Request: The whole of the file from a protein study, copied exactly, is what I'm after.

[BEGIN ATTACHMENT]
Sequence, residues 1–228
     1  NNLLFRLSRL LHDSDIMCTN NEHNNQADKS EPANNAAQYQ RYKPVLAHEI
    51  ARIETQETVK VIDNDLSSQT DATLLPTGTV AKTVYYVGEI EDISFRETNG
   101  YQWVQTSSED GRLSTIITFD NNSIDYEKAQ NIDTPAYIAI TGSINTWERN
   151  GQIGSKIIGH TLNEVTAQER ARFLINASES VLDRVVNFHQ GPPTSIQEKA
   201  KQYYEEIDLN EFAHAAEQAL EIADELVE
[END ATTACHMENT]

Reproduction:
Sequence, residues 1–228
     1  NNLLFRLSRL LHDSDIMCTN NEHNNQADKS EPANNAAQYQ RYKPVLAHEI
    51  ARIETQETVK VIDNDLSSQT DATLLPTGTV AKTVYYVGEI EDISFRETNG
   101  YQWVQTSSED GRLSTIITFD NNSIDYEKAQ NIDTPAYIAI TGSINTWERN
   151  GQIGSKIIGH TLNEVTAQER ARFLINASES VLDRVVNFHQ GPPTSIQEKA
   201  KQYYEEIDLN EFAHAAEQAL EIADELVE